On a sunny day, big bumblebees are all about your favourite rose bushes. Elderberries, buckthorn and mulberries provide early fruit that many birds gather to feed their ever-hungry brood, while most seed-eating birds take advantage of abundant insects easily digested by their young. The cardinal flower bears red blooms loved by hummingbirds, and the prickly pear cactus surprises you with its bright flowers. Black cohosh adds texture, shape and elegance to your gardens, while the purple flowering raspberry impresses every passerby. Come nighttime, a chorus of chirping green frogs, tree frogs, spring peepers and bellowing bullfrogs keep you outside just a little longer, even though the mosquitos are starting to pester you. You see a big brown bat flapping in the sky, snacking, and you‘re suddenly very grateful for the bat boxes you installed weeks ago. Here are the next steps:
- Continue providing water for thirsty birds, amphibians and insects.
- Create a toad abode and put it in a shady part of your garden.
- Clean hummingbird feeders and change nectar often in hot weather. Learn about the beautiful native plants you can include in your garden to attract them.
- Allow a grace period for animal intruders who have set up house until their young are mature.
General Gardening Chores
- Inspect plants regularly for signs of insect infestation or disease so you can take quick action when necessary.
- Remove faded flowers to encourage second blooming for plants such as wild geranium, coreopsis, and beebalm. Do this early to ensure that a second bloom will set in so that birds will have many seed heads to feed from in the winter.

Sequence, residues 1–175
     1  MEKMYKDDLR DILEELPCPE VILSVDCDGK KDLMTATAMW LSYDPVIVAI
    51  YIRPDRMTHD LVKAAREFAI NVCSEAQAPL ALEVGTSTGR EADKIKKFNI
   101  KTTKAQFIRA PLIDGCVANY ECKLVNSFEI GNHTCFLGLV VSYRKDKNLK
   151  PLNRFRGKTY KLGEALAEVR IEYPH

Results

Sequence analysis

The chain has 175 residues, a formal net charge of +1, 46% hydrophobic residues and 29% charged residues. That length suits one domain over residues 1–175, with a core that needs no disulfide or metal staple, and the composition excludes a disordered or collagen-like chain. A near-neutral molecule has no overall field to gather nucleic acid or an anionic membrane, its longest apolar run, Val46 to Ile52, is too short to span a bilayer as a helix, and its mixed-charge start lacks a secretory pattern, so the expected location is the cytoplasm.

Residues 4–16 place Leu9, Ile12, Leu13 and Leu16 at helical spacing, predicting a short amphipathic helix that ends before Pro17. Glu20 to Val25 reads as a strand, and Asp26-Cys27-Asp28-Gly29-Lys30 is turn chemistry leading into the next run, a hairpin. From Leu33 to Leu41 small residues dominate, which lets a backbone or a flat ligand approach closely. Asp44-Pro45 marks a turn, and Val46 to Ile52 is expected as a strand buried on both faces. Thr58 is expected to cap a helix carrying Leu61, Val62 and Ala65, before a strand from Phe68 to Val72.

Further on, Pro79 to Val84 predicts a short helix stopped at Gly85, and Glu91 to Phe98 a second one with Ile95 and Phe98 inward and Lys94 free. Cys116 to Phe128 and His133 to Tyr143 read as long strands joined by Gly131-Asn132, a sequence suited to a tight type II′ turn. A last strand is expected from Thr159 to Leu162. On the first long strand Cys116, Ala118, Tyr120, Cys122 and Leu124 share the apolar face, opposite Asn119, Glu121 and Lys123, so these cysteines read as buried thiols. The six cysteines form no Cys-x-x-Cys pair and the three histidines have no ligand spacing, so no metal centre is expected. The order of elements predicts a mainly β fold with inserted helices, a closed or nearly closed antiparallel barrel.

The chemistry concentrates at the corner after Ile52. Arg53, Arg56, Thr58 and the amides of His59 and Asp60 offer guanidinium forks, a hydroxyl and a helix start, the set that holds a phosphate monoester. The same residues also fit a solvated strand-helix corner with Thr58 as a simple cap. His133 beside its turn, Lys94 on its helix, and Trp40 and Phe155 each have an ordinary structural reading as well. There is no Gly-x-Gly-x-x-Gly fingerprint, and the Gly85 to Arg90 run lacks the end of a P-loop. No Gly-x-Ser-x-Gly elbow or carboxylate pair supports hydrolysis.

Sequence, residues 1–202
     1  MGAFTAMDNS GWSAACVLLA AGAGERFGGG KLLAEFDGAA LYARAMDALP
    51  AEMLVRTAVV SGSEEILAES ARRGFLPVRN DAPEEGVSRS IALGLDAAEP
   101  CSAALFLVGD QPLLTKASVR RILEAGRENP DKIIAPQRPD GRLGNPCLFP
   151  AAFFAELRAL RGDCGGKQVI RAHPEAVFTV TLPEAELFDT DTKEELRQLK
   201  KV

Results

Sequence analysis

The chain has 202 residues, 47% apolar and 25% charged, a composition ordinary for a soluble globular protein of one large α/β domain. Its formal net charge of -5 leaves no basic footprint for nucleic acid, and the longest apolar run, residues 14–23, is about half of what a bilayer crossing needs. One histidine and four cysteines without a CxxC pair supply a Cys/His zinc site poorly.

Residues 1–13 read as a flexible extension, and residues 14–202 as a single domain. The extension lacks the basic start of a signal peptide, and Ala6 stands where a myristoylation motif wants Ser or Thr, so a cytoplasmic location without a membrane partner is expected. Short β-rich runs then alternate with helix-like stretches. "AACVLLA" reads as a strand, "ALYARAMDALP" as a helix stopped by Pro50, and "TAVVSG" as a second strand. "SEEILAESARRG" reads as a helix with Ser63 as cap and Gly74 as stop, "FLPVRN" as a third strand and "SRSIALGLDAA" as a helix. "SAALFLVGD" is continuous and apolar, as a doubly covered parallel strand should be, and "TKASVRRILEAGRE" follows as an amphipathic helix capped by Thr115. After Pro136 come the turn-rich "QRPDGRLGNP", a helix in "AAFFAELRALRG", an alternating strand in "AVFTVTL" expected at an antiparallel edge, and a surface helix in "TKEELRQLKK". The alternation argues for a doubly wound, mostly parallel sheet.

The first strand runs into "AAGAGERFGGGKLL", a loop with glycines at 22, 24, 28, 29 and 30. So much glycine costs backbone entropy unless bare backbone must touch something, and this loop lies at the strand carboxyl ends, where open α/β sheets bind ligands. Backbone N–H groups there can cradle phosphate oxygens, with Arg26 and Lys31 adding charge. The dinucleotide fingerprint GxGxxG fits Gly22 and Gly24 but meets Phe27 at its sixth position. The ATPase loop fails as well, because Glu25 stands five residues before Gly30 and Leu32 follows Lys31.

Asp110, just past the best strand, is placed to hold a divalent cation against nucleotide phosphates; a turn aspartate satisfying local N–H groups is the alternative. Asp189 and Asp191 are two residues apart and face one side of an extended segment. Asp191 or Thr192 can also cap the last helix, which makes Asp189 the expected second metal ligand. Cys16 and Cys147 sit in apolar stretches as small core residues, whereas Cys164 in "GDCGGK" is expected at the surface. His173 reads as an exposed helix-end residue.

- Mulch plants to maintain moisture over dry summer months. Cover the soil between plants, but leave an air space around the stems and centres of the plants.
- Maintain grass at five to seven centimetres high so it can better withstand drought and compete with weeds.
- If you use sprinklers to water the garden, do so in the morning to help prevent water loss from evaporation. Additionally, foliage left wet overnight is more vulnerable to mildew, fungus and disease.
- Water at ground level to help prevent disease.
- Gather any spotted leaves fallen from apples and crabapples and dispose of them; do not add them to your compost. Leaves with this apple scab fungus may cause more problems next year if left around.
Planting and Pruning
- Avoid moving plants in the heat of summer. Mark the plants that need to be split or moved so that you can identify them once cooler fall weather comes. If you must move them, be sure to water them well and often; provide shade with a makeshift tent if you can.
- Prune maples and birches, which bleed in early spring.
- If needed, prune spring-flowering shrubs right after they finish blooming.